This can be a thing. That's why I always cap my cards regardless of what my intention is. This has actually resulted in people to my right telling me they folded because it looked like I was going to play, and people to my left mentioning they were scared I was going to raise and they wouldn't get to play. To me, that's awesome. I'm pushing people out of the pot with virtually no effort, and exposing myself to bo risk. Of course, it also says something about my opponents that they never noticed I do it EVERY HAND.
  • TheGameKatTheGameKat Posts: 2,135 -
    Roblivion wrote: »
    This can be a thing. That's why I always cap my cards regardless of what my intention is. This has actually resulted in people to my right telling me they folded because it looked like I was going to play, and people to my left mentioning they were scared I was going to raise and they wouldn't get to play. To me, that's awesome. I'm pushing people out of the pot with virtually no effort, and exposing myself to bo risk. Of course, it also says something about my opponents that they never noticed I do it EVERY HAND.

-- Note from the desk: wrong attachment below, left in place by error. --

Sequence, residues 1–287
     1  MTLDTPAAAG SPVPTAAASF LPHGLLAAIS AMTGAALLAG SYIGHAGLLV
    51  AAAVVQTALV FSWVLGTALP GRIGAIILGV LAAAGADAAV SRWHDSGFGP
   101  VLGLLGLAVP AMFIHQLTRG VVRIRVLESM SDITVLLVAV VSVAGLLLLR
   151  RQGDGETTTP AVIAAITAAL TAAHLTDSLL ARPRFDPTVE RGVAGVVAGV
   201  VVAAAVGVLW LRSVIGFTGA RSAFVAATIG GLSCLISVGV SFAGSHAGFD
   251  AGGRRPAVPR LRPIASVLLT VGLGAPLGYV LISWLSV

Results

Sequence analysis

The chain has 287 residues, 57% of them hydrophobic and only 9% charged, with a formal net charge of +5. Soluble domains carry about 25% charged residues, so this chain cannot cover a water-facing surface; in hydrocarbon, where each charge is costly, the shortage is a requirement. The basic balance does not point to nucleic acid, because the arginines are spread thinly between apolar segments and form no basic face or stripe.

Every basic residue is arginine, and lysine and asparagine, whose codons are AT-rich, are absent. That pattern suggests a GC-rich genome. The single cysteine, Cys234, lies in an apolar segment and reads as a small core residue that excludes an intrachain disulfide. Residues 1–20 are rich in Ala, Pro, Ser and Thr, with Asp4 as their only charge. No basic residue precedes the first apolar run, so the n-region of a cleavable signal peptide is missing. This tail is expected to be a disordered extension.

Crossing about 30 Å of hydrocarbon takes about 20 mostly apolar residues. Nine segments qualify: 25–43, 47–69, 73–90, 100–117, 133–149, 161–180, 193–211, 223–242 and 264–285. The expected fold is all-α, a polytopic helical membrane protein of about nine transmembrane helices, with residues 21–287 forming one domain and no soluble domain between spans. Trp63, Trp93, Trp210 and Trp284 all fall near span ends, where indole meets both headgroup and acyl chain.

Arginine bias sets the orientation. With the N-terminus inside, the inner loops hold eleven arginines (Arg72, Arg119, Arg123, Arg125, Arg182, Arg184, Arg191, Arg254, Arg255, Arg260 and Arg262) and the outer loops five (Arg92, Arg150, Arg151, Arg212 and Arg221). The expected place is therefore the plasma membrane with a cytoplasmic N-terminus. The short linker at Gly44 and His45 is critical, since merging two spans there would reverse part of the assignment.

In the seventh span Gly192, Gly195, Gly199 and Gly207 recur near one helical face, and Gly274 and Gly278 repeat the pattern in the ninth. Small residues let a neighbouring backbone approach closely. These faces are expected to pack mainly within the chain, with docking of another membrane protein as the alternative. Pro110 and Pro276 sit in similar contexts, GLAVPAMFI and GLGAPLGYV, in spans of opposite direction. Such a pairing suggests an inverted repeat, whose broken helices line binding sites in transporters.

Yes, quite. Nice table!
    Moderation In Moderation
  • In The DarkIn The Dark Red Chipper Posts: 210 ✭✭
    This is probably the only one I rely on at all. Most players do something specific with their cards that can indicate what they're going to do. I don't look at my cards until I'm one away from having to act to prevent this.

    Better: Look at your cards ASAP and if you're folding then simply avoid the glance downstream at your left side opponents. Keep your hand movements consistent EVERY HAND and only your eye movements will leak this interest in the state of your opponents actions. Is that actually a leak? Not at the levels I play.